What does Mistrial mean?

A mistrial can occur if there is a procedural error or extreme prejudice, which affects the impartiality of the case, ending the trial prior to its normal conclusion. Common reasons a judge may declare a mistrial include improper admission of evidence, misconduct, hung jury, disqualification of a juror, or the court determines they do not have jurisdiction to try a case.

Mistrials may be declared with or without prejudice. Cases declared with prejudice cannot be filed and tried again. Cases which are declared a mistrial without prejudice may be tried again or the prosecution can decide against retrial. Talk to your criminal lawyer about any information regarding the legal processes of your trial.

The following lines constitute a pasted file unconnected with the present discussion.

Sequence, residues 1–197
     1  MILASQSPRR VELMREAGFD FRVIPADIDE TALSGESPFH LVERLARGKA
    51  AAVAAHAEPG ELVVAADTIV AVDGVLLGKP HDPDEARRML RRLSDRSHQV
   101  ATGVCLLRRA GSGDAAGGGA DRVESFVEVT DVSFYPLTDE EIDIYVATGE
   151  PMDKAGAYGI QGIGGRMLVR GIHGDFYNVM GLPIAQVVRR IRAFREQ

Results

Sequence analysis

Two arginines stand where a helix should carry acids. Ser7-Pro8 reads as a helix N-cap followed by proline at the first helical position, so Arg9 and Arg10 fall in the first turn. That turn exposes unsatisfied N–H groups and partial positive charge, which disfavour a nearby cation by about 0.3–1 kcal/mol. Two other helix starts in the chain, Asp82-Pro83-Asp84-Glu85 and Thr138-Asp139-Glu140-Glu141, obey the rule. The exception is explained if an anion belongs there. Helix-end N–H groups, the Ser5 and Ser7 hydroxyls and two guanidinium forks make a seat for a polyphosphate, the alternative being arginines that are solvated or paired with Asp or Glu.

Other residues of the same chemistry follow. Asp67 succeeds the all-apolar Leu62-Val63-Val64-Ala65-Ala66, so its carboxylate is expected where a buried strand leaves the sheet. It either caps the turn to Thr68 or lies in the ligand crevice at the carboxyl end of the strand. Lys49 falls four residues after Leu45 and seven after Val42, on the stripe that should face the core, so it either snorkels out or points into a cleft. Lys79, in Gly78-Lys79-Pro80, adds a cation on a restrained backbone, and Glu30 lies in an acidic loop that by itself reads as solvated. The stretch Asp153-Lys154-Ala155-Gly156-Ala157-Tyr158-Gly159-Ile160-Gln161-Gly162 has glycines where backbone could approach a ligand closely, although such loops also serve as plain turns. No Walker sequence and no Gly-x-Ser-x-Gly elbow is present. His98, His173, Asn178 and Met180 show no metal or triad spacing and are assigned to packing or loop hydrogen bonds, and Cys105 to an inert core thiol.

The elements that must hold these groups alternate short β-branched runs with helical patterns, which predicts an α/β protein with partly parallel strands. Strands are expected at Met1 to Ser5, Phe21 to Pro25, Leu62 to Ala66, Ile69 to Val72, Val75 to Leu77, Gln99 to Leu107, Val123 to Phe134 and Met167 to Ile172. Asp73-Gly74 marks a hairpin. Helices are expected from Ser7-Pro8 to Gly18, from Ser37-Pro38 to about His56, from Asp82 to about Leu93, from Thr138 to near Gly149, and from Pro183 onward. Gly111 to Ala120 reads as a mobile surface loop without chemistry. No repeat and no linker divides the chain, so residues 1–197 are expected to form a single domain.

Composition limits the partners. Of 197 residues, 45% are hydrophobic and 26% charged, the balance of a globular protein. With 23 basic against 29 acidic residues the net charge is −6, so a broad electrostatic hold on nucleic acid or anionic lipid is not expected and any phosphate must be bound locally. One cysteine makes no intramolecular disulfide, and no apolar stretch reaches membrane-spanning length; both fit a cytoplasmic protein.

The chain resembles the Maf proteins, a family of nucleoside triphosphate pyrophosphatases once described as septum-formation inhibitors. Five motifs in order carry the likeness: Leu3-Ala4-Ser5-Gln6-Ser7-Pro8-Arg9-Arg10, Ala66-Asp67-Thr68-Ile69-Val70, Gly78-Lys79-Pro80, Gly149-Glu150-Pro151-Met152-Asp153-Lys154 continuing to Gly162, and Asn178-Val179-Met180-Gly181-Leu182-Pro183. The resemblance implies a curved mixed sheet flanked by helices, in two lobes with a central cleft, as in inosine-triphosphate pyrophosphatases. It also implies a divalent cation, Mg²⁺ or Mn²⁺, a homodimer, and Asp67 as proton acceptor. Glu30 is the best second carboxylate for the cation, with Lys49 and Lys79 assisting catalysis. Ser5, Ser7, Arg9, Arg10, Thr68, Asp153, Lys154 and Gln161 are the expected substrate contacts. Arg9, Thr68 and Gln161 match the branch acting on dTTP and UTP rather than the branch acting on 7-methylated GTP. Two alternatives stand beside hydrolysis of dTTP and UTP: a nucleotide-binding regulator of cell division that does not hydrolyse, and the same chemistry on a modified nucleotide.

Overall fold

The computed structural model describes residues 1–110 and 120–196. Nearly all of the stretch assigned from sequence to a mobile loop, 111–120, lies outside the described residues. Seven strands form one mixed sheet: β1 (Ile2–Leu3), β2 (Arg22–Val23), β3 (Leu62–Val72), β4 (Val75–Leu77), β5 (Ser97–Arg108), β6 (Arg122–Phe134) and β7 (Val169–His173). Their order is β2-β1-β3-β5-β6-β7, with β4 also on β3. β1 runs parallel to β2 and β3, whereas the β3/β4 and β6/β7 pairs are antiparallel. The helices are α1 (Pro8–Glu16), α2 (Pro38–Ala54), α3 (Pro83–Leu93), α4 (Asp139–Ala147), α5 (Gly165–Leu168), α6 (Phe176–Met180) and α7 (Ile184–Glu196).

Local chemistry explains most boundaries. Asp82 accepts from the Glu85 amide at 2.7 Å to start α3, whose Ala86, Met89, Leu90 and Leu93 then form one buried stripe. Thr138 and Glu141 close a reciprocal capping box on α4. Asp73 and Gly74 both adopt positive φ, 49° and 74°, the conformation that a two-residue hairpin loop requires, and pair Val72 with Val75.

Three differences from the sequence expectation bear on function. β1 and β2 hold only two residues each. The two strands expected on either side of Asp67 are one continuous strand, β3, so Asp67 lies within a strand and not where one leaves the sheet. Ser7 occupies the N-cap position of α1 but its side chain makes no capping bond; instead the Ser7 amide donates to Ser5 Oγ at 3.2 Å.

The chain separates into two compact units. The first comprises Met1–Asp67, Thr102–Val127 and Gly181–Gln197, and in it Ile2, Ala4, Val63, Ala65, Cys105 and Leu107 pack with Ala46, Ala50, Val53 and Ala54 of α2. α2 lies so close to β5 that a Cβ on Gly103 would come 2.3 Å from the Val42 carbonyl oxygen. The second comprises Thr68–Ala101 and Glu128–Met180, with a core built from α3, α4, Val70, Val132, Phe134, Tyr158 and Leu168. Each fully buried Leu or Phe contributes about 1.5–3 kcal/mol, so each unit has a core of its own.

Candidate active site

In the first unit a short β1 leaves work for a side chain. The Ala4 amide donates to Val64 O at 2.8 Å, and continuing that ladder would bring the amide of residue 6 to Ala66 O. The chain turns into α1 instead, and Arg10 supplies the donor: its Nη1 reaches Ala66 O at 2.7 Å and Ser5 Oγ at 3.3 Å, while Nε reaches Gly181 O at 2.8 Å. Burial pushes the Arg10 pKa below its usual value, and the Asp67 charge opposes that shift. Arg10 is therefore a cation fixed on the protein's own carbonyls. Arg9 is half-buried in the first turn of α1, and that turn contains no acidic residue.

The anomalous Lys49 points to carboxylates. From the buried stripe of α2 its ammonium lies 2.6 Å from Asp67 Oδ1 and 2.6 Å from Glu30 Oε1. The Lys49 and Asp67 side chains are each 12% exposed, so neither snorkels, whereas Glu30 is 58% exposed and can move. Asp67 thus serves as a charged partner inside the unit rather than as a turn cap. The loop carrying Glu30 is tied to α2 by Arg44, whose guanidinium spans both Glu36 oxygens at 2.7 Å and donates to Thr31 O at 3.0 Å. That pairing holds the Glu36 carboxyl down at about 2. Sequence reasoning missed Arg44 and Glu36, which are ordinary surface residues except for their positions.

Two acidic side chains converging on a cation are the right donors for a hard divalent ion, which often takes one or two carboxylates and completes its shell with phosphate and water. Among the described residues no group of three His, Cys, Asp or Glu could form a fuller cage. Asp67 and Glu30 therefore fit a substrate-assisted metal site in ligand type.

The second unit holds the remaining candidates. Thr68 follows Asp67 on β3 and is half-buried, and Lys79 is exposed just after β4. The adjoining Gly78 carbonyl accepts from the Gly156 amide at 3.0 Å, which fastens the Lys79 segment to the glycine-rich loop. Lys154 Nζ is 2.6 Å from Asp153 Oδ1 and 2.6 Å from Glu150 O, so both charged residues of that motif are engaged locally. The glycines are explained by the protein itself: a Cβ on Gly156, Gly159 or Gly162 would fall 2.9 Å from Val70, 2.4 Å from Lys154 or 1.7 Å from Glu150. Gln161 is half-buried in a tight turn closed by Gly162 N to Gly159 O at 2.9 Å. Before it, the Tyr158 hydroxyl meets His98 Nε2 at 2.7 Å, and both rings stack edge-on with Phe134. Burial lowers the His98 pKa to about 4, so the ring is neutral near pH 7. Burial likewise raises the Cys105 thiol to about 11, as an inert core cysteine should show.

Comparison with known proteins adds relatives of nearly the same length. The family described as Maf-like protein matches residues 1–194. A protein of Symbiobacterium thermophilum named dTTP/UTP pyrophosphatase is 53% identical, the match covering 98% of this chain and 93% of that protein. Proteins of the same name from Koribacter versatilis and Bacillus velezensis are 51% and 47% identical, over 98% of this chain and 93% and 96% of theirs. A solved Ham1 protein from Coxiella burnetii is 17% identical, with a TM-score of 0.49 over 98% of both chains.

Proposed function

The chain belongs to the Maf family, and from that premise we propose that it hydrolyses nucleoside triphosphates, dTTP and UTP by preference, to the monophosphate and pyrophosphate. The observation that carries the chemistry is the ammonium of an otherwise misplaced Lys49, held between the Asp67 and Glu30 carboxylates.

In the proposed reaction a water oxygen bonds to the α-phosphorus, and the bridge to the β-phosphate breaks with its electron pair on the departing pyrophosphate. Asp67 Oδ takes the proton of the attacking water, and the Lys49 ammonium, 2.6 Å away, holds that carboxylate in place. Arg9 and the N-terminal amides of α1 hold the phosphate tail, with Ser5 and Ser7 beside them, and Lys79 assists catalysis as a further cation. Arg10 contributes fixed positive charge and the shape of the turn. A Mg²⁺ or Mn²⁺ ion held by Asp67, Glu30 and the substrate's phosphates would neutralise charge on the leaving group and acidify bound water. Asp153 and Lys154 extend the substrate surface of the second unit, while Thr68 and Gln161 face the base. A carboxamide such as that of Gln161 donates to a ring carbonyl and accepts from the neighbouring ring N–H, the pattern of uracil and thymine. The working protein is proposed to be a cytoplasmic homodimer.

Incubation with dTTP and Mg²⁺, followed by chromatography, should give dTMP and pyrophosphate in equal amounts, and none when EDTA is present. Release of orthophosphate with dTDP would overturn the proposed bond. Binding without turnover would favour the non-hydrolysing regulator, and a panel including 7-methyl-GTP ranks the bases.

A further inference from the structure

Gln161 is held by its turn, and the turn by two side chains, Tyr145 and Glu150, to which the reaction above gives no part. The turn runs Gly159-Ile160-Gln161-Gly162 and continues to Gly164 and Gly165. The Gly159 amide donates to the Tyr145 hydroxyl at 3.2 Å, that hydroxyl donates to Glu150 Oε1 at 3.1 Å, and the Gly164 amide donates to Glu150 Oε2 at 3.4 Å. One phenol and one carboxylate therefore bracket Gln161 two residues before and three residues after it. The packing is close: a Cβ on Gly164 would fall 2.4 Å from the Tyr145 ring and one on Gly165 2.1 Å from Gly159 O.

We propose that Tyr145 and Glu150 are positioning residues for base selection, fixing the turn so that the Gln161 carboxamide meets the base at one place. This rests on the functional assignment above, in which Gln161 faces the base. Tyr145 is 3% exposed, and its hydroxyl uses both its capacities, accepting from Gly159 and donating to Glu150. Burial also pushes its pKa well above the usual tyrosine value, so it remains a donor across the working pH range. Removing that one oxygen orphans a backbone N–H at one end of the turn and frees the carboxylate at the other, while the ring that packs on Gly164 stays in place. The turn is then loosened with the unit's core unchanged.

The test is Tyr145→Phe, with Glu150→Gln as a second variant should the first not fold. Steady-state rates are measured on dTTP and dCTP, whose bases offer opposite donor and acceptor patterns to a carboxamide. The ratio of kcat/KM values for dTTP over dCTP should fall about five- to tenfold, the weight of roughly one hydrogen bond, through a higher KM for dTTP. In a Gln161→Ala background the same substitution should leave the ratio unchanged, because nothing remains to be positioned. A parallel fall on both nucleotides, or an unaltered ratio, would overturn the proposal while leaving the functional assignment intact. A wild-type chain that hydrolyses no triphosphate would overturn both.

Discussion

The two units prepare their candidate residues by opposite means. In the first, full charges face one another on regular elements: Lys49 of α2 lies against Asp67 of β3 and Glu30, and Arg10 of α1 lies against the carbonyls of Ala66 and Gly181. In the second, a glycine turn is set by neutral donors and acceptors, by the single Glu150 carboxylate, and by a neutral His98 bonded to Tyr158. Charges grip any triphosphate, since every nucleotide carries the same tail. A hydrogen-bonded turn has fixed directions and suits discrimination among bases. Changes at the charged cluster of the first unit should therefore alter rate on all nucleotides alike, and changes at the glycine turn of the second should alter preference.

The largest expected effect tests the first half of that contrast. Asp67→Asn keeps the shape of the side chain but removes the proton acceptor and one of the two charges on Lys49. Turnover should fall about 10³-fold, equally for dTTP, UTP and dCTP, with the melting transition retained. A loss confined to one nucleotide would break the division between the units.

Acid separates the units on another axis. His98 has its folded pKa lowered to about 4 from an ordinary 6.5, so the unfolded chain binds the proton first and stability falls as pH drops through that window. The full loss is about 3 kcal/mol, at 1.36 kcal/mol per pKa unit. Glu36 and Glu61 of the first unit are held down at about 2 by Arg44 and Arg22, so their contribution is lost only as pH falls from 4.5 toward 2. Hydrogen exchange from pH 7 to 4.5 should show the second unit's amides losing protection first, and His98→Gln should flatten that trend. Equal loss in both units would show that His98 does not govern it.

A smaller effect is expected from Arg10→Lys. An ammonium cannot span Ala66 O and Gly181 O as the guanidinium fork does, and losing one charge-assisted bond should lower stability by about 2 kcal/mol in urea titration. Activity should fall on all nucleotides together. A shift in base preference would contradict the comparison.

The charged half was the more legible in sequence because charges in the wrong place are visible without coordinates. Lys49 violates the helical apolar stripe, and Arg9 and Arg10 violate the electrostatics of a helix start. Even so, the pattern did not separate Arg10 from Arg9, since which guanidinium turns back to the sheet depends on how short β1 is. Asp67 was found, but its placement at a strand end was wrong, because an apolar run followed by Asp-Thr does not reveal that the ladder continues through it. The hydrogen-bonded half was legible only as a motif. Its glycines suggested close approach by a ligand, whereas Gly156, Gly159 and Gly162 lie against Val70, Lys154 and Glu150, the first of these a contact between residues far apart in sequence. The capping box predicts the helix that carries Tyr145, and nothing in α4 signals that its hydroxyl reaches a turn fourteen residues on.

(Tags - Attorney - Lawyer - judgment )

Previous Entry

Miranda Warning

Next Entry


Browse Legal Glossary Alphabetically:

1 | A | B | C | D | E | F | G | H | I | J | L | M | N | O | P | Q | R | S | T | U | V | W | Z |

Lawyers near

Varghese Summersett PLLC

Varghese Summersett PLLC Profile Picture
300 Throckmorton Street, Suite 1650
Fort Worth, TX 76102

The Schill Law Group

The Schill Law Group Profile Picture
8700 Via De Ventura
Suite 210 Scottsdale, AZ 85258

Term of the Day

Foster Care

Foster care is a temporary living arrangement for children who are having difficulty with their parents and cannot remain safely at home

Category: Adoption